The PS4 has almost removed the point of platform-dedicated headsets thanks to the fact that you can route the entire system audio through the versatile headphone jack in the DualShock 4. It means you can pretty much use whatever you have handy so long as the headset in question you have has a dual-function 3.5mm jack. But if you're a serious gamer, you want comfort and performance and something that, and I'm guilty of this, looks badass.
Dr Dre understands. The day he makes a Beats headset fully compatible with PC and consoles (no, I'm not counting the Solo) will be the day that folks like Turtle Beach soil themselves.
Thankfully for them, that day is yet to come.
Turtle Beach like their branded stuff, it does pretty well for them, and a Call of Duty: Advanced Warfare headset was inevitable. Enter the appropriately hilariously-titled Sentinel Task Force headset. Wireless on Xbox One but, annoyingly, not on PS4, the STF arrives packing a removable microphone with variable monitoring and muting controls, adjustable Bass Boost, volume and mic controls on the detachable extender cable, and a dual-function 3.5mm on an undetachable cable linked to the headset itself.
The cups themselves are comfortable enough. I have a large head, helped expansively by the inches of fuzzy hair that get squished down by headsets like this, but the STF is a lovely fit -- snug without feeling crushing. The synthetic leather on the cups is firm enough to hold shape, but not as rigid as the sort of padding you'd find on the Tritton Kunai, for example. It must be said, however, that the cushioning doesn't exactly rival the luxurious pillowy softness of Razer's wares. If my ears could dream, their dreams would be filled with the Blackshark rather than this.
While we're on the subject of aesthetics, I have to talk about the look of the STF. Turtle Beach aren't going to win any points for styling, and although the branded COD plates are removable and replaceable, it doesn't really help the rather bland look of the headset. If I drop upwards of £50 on a headset these days, I'm expecting to use it for general music use as well. Stylistics are important, but the STF feels like a blunt instrument in this regard -- designed for aural impact and little else. It doesn't quite feel like a premium product either, the exterior feels cheap and plasticky, especially the band itself, although it does feel pretty sturdy.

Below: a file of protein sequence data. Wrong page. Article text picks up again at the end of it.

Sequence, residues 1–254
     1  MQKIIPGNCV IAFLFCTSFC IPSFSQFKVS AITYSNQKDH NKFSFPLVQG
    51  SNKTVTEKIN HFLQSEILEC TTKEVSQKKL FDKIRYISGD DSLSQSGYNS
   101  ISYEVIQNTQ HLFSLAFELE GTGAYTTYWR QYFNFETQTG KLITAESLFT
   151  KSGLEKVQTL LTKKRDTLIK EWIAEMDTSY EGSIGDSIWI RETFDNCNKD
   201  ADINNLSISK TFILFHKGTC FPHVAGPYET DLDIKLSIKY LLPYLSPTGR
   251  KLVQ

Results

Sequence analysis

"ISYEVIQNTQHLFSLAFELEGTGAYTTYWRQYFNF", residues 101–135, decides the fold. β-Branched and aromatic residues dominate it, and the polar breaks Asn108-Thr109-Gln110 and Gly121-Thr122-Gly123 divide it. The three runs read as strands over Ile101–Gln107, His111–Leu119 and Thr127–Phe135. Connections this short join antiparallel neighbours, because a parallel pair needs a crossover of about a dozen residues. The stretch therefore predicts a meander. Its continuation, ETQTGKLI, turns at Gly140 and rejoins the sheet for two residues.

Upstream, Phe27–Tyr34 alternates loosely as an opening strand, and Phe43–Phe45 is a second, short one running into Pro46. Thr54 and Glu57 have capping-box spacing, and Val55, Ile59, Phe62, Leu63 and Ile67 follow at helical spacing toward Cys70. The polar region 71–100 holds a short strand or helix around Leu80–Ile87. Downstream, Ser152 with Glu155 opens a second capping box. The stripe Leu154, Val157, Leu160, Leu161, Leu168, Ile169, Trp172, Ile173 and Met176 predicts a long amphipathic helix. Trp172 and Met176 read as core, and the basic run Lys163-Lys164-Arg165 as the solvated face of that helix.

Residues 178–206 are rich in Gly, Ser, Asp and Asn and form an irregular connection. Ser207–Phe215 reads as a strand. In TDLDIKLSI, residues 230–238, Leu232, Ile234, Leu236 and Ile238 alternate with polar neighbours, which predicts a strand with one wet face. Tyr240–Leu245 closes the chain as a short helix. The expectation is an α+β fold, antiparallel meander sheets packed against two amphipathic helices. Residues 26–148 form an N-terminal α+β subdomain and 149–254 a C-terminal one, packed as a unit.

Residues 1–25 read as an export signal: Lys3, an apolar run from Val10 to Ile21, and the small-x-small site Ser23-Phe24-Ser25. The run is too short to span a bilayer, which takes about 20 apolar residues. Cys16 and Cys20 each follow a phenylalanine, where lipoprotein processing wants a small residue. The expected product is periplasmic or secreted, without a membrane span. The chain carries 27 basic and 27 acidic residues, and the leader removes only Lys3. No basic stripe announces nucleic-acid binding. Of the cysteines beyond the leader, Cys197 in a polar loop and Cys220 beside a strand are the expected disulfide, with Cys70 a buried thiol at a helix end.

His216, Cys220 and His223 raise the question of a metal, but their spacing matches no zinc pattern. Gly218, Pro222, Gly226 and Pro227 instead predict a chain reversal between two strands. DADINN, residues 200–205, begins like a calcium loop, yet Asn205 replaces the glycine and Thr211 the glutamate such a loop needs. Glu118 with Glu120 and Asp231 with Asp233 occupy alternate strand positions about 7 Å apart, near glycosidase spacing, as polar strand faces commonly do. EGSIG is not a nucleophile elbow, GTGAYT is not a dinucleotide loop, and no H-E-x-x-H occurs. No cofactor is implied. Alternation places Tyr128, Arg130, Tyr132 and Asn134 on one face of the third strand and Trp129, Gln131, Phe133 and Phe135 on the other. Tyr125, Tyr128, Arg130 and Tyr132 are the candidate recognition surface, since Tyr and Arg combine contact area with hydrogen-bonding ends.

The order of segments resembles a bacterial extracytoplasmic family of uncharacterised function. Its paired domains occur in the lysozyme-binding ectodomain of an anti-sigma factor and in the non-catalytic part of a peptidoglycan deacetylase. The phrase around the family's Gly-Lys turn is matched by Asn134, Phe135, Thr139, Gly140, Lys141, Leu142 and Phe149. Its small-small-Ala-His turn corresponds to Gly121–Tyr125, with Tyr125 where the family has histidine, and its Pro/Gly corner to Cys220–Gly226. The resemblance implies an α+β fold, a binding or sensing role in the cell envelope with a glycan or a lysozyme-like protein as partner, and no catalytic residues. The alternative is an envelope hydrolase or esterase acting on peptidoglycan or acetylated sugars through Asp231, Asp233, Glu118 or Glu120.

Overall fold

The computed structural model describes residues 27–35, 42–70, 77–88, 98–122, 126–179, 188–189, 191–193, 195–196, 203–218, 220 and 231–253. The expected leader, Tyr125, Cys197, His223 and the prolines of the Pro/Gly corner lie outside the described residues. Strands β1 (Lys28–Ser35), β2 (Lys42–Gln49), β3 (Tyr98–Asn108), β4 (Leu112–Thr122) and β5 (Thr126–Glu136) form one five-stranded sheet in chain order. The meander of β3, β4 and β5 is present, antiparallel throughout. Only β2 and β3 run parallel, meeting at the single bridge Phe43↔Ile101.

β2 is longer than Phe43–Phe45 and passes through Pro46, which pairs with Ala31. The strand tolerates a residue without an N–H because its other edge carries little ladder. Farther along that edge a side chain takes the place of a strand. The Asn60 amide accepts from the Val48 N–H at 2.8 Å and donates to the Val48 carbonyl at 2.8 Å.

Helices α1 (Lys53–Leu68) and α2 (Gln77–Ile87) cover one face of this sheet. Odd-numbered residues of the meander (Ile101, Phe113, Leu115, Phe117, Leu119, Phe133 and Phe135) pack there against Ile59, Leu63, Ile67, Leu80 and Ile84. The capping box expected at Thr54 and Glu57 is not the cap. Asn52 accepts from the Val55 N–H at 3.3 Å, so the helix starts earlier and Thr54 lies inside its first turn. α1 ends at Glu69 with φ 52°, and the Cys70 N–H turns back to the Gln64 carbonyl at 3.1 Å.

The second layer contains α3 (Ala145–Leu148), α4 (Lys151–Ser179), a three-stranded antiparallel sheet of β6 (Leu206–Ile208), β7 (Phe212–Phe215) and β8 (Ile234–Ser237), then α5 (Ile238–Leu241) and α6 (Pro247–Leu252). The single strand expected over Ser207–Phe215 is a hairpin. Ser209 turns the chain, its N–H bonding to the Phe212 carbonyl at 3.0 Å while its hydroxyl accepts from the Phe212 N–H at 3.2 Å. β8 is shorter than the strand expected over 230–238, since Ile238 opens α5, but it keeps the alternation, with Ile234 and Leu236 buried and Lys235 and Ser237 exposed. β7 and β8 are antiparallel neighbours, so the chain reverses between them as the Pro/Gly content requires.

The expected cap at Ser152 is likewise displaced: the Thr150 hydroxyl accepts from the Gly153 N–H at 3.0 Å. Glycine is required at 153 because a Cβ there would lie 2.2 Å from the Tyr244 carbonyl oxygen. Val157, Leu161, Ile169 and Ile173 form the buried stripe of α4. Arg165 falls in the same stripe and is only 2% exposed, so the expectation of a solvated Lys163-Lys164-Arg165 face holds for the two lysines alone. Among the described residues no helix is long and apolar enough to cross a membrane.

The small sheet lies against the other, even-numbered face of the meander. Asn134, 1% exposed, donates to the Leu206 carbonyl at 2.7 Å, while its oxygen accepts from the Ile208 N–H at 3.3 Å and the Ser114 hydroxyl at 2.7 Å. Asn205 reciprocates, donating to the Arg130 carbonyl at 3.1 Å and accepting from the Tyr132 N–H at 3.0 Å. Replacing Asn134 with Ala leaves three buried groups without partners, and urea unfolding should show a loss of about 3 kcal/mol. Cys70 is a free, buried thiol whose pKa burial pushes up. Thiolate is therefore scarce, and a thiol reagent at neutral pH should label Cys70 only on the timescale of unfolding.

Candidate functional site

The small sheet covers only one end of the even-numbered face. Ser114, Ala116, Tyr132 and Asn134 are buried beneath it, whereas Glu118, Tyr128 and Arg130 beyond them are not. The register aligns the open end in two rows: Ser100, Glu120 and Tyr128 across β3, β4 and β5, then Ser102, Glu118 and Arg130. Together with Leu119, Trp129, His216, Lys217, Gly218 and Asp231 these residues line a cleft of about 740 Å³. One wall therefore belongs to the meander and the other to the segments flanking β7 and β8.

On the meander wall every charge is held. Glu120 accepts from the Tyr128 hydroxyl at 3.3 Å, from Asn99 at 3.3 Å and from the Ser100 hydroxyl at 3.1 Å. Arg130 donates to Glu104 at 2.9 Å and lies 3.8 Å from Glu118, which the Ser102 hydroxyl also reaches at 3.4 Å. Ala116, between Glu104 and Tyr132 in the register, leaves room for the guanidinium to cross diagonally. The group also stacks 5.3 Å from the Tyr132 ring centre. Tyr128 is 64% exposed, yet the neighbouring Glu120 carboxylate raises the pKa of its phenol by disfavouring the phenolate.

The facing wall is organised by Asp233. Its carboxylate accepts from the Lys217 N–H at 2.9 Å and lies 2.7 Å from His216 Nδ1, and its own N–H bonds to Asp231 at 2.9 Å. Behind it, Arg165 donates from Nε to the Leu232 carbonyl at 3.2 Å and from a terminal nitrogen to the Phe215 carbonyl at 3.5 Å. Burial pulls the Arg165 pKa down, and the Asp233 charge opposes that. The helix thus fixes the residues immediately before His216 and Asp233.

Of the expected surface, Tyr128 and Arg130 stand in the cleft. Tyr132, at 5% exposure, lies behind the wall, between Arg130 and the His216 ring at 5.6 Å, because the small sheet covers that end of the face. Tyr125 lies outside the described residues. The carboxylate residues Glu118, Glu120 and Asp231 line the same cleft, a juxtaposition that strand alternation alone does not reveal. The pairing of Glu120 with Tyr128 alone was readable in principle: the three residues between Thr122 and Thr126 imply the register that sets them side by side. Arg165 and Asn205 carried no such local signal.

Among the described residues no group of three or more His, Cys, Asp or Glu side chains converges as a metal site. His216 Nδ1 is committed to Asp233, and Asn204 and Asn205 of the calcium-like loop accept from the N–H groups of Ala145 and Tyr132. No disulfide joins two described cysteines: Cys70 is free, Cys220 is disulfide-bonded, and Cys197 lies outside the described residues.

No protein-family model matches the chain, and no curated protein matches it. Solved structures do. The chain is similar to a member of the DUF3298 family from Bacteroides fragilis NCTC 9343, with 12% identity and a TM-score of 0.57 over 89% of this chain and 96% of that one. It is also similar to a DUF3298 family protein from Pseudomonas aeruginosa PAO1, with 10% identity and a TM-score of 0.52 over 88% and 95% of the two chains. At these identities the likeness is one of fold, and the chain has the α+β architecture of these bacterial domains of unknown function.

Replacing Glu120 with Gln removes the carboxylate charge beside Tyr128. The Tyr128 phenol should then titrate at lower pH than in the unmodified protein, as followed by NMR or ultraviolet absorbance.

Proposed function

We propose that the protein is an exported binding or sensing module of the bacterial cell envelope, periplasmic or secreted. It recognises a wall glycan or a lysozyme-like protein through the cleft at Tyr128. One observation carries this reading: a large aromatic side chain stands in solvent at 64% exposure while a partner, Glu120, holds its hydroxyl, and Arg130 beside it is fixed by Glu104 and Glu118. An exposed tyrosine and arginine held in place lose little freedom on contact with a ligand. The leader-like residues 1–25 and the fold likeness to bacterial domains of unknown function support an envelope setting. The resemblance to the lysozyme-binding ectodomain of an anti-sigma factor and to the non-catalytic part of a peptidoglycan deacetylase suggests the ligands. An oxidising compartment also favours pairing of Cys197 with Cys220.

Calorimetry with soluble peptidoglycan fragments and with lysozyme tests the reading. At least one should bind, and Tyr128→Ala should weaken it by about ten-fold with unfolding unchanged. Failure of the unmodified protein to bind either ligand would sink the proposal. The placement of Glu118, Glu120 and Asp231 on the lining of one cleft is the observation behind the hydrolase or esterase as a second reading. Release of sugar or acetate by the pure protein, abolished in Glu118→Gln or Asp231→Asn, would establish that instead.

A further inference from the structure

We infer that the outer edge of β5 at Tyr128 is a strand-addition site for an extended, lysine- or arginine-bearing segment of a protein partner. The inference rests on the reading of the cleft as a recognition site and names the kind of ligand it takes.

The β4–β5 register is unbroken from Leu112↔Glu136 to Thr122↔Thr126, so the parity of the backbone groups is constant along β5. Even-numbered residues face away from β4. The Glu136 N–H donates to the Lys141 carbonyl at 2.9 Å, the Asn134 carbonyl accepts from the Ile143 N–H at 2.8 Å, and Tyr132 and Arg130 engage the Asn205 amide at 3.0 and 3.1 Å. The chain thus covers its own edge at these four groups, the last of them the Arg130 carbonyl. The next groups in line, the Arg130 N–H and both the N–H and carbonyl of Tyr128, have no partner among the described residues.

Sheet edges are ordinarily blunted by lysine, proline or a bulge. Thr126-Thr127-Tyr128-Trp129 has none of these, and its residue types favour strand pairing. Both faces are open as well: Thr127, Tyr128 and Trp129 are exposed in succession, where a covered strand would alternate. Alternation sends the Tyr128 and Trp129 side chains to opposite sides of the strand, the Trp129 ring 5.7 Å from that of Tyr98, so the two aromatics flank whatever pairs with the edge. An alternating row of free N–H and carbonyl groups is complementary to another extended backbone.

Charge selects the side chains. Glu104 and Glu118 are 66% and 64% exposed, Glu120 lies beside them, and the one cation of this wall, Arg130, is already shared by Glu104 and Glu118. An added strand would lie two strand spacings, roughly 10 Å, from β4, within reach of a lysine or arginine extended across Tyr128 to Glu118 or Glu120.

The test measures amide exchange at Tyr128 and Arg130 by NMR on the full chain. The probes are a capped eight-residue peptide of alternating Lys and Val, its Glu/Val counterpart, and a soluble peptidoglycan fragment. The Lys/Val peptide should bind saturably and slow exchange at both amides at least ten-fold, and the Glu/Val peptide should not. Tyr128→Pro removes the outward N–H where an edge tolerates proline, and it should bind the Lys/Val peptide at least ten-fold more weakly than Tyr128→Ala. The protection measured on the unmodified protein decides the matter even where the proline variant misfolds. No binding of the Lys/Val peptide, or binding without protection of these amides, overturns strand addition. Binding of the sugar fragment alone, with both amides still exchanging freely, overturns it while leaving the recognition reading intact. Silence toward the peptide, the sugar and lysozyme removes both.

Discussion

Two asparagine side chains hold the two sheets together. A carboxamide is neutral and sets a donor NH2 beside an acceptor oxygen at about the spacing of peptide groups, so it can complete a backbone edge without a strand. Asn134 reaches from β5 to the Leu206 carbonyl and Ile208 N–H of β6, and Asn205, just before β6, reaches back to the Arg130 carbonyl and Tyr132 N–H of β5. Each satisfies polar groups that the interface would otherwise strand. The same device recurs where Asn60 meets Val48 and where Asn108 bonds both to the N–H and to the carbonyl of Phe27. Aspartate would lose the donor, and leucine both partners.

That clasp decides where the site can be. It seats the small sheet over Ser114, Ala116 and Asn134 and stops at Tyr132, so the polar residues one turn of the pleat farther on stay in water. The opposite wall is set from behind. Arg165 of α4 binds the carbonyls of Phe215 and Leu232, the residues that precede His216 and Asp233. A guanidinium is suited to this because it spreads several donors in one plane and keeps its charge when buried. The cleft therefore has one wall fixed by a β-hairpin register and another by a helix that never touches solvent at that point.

There's nothing flashy to be had here, that much is clear. We're here to do a job, soldier.
Thankfully, it makes its mark on the audio front due to the impressive full-range 50mm speakers in each cup. I love the bass on this thing. The sound quality is good all-around, but the STF is at its best when actively trying to sync up your heart rate with whatever rock you have being pumped into the headset. You can vary things, of course, but the balance is perfectly equalised for an explosive rollercoaster like Call of Duty: Advanced Warfare. This was a headset built for explosions, and the bass boost ratchets up the low-end stuff nicely while maintaining clarity. Much of that has to do with the snug fit of the cups. What the headset sacrifices in comfort relative to some of its more expensive peers, and again this is not to say that the STF is in any way uncomfortable, it makes up for in sound retention, creating a synthetic leather-bound aural bubble that's clear, vibrant, and brutally powerful when it wants to be.
It's not exactly exceptional stuff, mind, and that might be a bit of a kicker when considering that the STF will set you back £79.99 (£78.74 on Amazon at the time of writing). On the PS4, considering you don't get a wireless unit or 7.1 surround sound, that's a bit steep.
I found that the volume was a little inconsistent using the headset with its full cable and in-line control remote, and I have to admit that, for the most part, I found myself unplugging it from the console unit, and simply running the sound through the DualShock 4 controller jack. The wires are annoying, it must be said, and the Xbox One unit is clearly the better choice in terms of convenience. It wouldn't be so bad if the 3.5 jacked cable to the set itself was detachable, but it isn't.
What we have here is a great mid-range headset priced £10-20 higher because of the game associated with it. The sound is solid, especially that bass, which is like strapping a subwoofer to your head, and it's perfectly tailored to Call of Duty's aural highlights. It's a comfy fit, solid if unspectacular. But it's a relative disappointment on PS4 compared to its Xbox counterpart, and its price puts it in the price range of surround setups like the Kraken Chroma. The other thing is that Turtle Beach do a comparable headset with 50mm speakers for significantly less in the PX22. If you're really serious about your sound, however, I'd go a little over budget and grab the Stealth P500 over this.
Still... that bass...
- Nice bass, solid audio
- In-line amp with plenty of variables
- Crisp, clear mic
- Snug, relatively comfy fit on my larger head
- Easy to set up
- Pretty pricey for a headset that doesn't offer wireless on PS4 or surround sound
- Slight disparity in quality between jack and USB
- Fairly hideous to look at
The Short Version: A solid, if unspectacular, headset perfectly tailored to Call of Duty's strengths, the STF is a good fit for bass hounds and its wireless features on Xbox One are pretty nifty. Seems like you're rather paying for the branding, mind.